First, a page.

Fernando Botero, one of Latin America’s most celebrated artists, has died. According to his daughter, Lina Botero, the 91-year-old Colombian artist was suffering from complications from pneumonia and died at his home in Monaco.
“Fernando Botero, the painter of our traditions and defects, the painter of our virtues, has died,” Colombian President Gustavo Petro announced on social media.
In his paintings and sculptures, Botero often depicted rotund, whimsical figures that poked fun at the upper class of his native Colombia.
Born in Medellín, he was the son of a traveling salesman and a seamstress and once harbored a desire to be a matador.
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He spent most of his life living in Europe and the United States, but often returned to Colombia for inspiration. His home city has declared a week of mourning in his honor.
Botero’s works are instantly recognizable. His figures are corpulent and slightly absurd.
One painting depicts a Roman Catholic cardinal fast asleep in full clerical garb. Another shows a snake about to bite the head of a woman posing for a family portrait and gave rise to the term “Boterismo” to describe the voluptuous, almost cartoonish figures in his artwork.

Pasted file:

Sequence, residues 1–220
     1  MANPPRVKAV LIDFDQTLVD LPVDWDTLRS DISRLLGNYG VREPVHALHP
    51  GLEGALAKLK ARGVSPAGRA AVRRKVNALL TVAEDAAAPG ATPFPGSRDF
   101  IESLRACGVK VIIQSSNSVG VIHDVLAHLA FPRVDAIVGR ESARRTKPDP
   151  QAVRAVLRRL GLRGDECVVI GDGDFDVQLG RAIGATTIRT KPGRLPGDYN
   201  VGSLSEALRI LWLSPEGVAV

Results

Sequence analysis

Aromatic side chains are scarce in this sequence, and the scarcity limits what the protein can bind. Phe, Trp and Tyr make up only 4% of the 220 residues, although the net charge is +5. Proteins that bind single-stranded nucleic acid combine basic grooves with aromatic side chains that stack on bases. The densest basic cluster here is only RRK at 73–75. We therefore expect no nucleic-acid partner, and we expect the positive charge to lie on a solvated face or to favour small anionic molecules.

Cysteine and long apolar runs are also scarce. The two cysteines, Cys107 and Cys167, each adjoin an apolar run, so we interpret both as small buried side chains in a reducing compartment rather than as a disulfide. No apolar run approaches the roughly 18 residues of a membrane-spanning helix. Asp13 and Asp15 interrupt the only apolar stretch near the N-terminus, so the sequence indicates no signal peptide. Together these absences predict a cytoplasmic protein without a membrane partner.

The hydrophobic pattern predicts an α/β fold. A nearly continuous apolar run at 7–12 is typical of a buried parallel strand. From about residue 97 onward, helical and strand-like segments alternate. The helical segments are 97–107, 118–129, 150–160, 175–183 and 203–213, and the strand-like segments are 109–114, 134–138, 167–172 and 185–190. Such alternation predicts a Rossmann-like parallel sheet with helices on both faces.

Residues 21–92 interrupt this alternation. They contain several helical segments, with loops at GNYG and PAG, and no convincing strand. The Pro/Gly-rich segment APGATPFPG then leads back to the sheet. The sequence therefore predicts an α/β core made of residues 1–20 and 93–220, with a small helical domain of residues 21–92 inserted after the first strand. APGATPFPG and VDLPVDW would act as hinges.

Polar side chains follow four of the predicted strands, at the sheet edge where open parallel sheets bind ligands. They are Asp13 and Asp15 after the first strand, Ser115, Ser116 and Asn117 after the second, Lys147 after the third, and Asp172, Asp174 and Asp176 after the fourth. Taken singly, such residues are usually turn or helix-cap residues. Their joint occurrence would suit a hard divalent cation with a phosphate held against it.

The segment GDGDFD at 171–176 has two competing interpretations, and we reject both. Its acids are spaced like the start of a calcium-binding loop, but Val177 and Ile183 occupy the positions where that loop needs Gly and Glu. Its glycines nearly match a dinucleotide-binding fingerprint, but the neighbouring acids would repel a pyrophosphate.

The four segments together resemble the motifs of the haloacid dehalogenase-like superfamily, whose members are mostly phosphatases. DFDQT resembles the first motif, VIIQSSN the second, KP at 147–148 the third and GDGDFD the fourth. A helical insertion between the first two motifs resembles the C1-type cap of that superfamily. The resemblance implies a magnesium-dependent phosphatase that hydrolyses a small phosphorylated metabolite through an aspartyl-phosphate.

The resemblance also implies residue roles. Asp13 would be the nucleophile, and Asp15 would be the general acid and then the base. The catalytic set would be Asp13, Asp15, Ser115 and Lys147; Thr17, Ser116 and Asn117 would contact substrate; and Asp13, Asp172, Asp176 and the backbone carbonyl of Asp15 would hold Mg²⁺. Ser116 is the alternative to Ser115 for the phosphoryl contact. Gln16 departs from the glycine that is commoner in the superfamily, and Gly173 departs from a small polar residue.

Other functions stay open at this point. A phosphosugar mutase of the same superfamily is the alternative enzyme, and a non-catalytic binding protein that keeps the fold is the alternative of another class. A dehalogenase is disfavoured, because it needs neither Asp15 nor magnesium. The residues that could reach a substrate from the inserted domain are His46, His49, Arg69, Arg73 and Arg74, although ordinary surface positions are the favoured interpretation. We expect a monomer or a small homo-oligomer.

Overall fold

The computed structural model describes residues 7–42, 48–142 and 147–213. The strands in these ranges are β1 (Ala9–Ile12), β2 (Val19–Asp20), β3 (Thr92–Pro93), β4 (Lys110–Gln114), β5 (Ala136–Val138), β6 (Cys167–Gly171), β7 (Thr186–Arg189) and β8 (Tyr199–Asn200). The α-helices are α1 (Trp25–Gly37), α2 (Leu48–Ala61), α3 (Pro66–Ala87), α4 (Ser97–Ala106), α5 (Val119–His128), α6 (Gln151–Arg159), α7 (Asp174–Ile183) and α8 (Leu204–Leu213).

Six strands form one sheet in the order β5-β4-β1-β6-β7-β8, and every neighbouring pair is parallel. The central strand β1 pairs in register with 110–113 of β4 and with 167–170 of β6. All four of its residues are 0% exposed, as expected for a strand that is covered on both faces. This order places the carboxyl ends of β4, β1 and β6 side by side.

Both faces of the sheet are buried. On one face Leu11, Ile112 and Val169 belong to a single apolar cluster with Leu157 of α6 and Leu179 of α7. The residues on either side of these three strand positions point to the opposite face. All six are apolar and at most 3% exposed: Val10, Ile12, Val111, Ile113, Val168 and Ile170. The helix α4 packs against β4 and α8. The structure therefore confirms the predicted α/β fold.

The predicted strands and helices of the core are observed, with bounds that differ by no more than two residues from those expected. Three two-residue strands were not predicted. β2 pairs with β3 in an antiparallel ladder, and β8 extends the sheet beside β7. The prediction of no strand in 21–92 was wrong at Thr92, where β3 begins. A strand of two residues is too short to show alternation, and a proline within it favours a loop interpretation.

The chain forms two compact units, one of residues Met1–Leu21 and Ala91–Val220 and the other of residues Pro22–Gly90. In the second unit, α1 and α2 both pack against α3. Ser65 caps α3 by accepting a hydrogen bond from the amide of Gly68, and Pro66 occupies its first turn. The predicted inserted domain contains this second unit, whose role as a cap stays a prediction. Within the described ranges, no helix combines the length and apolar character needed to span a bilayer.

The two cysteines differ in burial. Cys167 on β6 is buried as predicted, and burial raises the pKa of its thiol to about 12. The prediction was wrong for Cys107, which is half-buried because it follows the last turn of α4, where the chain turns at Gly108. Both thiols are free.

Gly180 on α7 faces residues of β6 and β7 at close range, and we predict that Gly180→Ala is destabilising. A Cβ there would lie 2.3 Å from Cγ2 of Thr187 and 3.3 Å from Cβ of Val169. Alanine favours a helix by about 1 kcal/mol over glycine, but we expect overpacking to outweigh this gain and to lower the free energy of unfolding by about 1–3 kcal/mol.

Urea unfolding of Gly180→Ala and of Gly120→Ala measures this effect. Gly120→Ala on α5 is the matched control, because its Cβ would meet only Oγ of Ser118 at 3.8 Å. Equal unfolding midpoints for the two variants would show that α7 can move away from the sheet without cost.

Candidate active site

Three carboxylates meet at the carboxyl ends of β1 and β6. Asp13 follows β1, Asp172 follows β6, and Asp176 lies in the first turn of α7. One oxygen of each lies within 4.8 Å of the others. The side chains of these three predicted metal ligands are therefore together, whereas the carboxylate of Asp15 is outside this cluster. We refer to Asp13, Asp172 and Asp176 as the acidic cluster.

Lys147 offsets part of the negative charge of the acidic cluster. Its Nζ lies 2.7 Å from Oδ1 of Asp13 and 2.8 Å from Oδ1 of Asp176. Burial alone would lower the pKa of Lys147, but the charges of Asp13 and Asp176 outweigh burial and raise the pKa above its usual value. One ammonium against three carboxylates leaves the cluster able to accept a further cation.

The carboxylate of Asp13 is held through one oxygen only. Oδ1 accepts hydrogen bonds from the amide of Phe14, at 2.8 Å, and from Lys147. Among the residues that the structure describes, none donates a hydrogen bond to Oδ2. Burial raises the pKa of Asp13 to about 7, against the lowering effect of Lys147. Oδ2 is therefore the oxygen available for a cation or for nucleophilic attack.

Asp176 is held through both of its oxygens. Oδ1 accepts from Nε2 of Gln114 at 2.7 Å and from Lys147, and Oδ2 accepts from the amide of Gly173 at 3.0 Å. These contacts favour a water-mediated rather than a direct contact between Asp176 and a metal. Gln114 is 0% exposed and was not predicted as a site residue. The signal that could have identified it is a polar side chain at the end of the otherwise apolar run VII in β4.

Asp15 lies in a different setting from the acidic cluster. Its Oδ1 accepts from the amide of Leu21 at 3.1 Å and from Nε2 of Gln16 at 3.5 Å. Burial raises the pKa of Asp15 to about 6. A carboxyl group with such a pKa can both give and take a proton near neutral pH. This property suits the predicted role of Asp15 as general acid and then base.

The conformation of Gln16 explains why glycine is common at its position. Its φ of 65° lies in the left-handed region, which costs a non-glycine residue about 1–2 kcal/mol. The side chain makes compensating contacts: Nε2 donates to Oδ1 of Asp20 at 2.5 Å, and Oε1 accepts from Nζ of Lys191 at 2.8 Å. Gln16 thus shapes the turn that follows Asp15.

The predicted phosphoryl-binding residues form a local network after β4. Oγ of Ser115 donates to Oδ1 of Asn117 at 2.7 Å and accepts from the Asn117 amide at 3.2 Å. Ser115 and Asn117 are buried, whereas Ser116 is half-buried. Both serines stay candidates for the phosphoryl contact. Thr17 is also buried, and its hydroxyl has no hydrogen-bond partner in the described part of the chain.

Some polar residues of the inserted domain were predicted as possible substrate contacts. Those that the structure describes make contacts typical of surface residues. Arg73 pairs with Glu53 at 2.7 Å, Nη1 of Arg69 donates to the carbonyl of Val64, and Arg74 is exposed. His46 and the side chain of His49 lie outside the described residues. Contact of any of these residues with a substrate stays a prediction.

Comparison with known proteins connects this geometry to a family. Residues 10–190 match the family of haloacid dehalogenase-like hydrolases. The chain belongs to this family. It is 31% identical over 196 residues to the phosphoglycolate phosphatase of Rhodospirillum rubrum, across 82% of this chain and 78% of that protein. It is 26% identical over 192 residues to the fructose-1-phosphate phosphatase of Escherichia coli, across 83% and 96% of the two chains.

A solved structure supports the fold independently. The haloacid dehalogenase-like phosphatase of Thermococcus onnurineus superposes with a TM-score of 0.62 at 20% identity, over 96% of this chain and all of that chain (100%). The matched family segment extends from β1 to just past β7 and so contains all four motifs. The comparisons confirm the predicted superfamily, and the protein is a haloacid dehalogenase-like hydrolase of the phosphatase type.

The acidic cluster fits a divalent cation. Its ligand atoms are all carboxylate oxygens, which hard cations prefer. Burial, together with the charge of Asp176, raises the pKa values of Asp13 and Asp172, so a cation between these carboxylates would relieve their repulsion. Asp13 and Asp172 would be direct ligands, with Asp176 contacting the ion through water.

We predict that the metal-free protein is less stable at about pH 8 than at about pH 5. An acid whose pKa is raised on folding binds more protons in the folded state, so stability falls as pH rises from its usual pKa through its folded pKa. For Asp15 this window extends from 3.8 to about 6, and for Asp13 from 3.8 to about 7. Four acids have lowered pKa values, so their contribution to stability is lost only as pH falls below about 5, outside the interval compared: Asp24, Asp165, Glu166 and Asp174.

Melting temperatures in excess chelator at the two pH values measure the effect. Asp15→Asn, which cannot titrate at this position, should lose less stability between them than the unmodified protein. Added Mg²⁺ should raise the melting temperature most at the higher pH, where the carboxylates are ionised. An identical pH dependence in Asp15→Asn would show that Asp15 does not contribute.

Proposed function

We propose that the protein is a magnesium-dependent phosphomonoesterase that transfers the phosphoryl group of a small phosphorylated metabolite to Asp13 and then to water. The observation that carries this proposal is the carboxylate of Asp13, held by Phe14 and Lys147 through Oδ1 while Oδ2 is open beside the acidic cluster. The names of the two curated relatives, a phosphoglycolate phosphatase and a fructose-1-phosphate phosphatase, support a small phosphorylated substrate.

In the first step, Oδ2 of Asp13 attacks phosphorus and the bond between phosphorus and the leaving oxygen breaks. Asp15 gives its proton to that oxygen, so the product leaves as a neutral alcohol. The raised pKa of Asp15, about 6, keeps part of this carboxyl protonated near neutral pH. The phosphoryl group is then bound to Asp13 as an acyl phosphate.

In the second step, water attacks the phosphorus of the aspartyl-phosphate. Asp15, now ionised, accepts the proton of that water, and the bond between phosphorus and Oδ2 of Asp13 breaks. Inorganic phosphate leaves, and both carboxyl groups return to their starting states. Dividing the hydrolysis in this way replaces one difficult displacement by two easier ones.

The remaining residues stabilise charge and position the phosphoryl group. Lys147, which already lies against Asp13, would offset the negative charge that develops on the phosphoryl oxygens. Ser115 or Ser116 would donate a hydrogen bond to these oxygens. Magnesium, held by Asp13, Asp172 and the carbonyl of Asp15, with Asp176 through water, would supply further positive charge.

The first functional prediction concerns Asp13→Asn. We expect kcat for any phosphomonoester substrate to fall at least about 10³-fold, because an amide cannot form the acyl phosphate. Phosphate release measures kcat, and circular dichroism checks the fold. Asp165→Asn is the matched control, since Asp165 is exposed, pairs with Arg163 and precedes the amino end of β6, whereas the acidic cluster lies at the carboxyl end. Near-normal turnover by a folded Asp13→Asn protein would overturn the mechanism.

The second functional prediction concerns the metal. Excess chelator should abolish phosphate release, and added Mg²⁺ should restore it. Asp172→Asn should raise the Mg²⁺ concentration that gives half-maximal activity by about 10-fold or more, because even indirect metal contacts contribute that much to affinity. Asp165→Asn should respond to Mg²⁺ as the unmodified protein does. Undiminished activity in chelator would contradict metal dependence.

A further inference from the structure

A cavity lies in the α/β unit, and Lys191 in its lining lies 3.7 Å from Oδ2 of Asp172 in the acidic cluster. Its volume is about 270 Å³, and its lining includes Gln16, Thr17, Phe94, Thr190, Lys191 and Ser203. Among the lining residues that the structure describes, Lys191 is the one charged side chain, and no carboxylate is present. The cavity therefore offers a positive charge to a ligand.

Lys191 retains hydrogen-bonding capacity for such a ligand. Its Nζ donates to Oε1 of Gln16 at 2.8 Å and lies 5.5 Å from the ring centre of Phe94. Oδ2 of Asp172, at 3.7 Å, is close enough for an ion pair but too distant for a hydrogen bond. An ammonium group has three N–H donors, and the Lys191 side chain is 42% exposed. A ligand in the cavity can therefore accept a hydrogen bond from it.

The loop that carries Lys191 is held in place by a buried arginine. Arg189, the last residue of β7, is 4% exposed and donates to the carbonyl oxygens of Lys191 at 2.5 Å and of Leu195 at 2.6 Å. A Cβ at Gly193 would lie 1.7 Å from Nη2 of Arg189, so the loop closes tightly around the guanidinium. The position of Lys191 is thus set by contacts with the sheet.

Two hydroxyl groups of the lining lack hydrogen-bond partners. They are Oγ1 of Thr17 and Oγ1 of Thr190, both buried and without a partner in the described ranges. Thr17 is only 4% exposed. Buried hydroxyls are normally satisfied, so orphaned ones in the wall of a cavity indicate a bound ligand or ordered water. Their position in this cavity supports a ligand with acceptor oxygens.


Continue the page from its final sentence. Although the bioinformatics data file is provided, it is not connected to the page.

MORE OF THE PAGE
Later in his career, Botero turned to darker subjects, like drug violence in Colombia. During an open-air concert in his home town of Medellín in 1995, guerrillas from the Revolutionary Armed Forces of Colombia, or FARC, placed an explosive device beneath his bronze sculpture, “Pájaro” (“Bird”), killing more than 20 people and injuring more than 200.
He also painted victims of U.S. abuse at the Abu Ghraib prison in Iraq. “These works are the result of the indignation that the violations in Iraq produced in me and the rest of the world,” he said.
His works were hugely popular, sometimes selling for millions of dollars, and adorned major museums as well as the Champs-Élysées in Paris and Park Avenue in New York, as well as his home town of Medellín and the capital Bogotá, where the Botero Museum resides.
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